I am not saying this just because I used to live there, but I think South African black people are highly creative in blending their own cultures with others and turning them into something new and better.
Take for example South African Jazz and Pop music. The most famous in the US may be Hugh Masekela, Abdullah Ibrahim and Miriam Makeba. My favorites are Sakhile, Bayete, Stimela and Sankomota. I am also a big fan of Lucky Dube, who has been leading South African Reggae scenes. These artists are common in that they have blended conventional Jazz, Pop, R&B, and Reggae music with traditional South African music and rhythms; and created something so unique and distinctive as South African. At the same time, they have conveyed their political messages through their songs, which were born out of the context of anti-Apartheid movements.
Since Mandela was released from the Robben Island, South African music has undergone some changes, particularly in its "messages" that they convey, though its blending of different cultures has continued. For example, Kwaito, a mixture of house, hip hop and traditional rhythms originated in Johannesburg in 1990's, talks more about apolitical stuff and gears more towards empowerment and integration as well as "street" issues, reflecting contemporary (post-Mandela) South African social realities. Artists like TKZee and Bongo Muffin have got really cool vibes.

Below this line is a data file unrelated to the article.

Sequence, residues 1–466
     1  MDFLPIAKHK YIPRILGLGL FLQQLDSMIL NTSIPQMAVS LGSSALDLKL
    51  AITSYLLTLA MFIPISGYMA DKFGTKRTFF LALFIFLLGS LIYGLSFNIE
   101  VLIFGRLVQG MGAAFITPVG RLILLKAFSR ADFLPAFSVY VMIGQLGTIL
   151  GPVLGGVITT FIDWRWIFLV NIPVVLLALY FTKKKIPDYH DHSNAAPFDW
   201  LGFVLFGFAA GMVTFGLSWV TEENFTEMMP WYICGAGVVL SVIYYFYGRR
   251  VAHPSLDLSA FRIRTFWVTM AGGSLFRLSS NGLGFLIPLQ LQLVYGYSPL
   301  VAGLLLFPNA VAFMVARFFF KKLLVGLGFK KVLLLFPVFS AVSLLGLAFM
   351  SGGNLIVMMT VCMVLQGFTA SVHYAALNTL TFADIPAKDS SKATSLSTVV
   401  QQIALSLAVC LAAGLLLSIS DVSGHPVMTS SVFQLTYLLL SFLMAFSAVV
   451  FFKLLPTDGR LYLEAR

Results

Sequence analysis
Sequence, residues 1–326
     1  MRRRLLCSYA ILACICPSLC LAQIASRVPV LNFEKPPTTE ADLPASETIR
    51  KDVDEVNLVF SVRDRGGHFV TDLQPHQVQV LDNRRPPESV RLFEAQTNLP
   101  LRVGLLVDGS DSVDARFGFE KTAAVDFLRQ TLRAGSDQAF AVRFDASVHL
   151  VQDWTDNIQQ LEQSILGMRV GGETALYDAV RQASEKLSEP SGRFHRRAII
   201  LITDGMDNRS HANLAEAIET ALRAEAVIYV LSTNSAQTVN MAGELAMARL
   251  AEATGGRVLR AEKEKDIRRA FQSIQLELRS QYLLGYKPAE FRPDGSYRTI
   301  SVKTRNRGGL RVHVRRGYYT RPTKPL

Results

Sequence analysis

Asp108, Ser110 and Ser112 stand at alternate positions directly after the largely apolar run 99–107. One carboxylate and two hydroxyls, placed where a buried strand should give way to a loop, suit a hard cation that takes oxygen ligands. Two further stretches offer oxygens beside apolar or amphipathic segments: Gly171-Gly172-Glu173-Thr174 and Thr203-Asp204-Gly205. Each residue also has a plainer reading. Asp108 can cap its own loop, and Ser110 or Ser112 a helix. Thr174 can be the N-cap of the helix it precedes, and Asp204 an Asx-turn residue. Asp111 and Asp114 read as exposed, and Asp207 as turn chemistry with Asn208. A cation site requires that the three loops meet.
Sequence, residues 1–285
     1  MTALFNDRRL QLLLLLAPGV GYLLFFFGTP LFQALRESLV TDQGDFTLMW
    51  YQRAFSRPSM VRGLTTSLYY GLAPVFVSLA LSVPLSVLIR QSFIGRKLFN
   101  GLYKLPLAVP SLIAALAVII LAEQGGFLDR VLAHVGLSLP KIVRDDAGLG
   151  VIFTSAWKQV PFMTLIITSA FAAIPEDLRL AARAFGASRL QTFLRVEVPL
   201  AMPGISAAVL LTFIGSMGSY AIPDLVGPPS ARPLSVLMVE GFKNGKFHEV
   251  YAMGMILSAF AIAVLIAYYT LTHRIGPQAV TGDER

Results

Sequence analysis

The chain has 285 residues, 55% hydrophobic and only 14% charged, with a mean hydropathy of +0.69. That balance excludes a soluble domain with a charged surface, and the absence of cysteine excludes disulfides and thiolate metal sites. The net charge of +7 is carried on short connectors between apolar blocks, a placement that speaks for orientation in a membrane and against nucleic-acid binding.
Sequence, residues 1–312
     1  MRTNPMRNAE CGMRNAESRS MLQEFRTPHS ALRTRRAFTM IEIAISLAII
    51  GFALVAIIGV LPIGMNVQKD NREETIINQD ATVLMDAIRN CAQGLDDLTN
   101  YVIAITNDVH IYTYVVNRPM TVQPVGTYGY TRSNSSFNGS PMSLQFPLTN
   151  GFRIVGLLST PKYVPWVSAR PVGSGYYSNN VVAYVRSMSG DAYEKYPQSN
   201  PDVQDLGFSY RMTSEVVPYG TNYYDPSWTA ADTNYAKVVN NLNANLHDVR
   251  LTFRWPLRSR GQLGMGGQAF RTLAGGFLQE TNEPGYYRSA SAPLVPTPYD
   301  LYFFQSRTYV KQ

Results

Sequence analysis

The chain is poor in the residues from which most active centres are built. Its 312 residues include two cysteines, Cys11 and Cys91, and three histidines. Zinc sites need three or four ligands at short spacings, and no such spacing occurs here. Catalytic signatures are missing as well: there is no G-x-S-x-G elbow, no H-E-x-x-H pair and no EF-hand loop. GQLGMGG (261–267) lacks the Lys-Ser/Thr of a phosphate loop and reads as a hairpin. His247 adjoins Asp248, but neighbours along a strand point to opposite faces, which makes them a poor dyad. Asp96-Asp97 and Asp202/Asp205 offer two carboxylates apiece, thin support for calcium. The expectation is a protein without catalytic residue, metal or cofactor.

By the way, when I was writing this post, I came across a news piece from BBC in 2003 about a group of white supremacists held in a prison in Pretoria, South Africa. They were apparently complaining about loud Kwaito music played all day long in the prison, claiming that they were "tortured." Remember - these guys were the ones who had perpetrated all types of violence against South African black populations!!